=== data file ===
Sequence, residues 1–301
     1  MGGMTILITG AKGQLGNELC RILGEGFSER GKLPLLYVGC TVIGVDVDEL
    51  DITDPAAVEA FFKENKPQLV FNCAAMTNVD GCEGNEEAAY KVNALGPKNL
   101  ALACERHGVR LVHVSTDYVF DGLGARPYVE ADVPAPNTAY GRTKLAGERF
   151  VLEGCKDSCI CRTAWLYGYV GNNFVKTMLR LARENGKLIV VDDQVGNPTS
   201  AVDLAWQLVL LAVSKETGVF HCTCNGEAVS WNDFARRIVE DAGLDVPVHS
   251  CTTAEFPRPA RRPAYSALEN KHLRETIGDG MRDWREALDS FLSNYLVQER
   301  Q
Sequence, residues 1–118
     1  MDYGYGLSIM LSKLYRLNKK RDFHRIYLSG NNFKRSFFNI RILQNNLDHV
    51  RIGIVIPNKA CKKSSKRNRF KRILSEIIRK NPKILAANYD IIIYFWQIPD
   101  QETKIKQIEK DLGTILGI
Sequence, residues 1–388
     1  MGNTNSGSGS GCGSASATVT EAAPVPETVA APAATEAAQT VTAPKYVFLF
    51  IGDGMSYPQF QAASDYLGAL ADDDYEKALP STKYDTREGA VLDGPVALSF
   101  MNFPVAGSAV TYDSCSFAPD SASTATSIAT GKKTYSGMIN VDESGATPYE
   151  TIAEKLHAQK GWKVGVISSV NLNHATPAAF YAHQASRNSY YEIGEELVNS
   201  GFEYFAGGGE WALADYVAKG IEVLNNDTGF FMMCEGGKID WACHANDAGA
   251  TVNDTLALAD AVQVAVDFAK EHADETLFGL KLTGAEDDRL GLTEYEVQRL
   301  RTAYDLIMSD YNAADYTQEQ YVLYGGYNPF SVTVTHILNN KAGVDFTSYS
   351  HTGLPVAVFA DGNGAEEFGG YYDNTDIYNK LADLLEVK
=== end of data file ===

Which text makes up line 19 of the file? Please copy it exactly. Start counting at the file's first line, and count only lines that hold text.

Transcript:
   251  TVNDTLALAD AVQVAVDFAK EHADETLFGL KLTGAEDDRL GLTEYEVQRL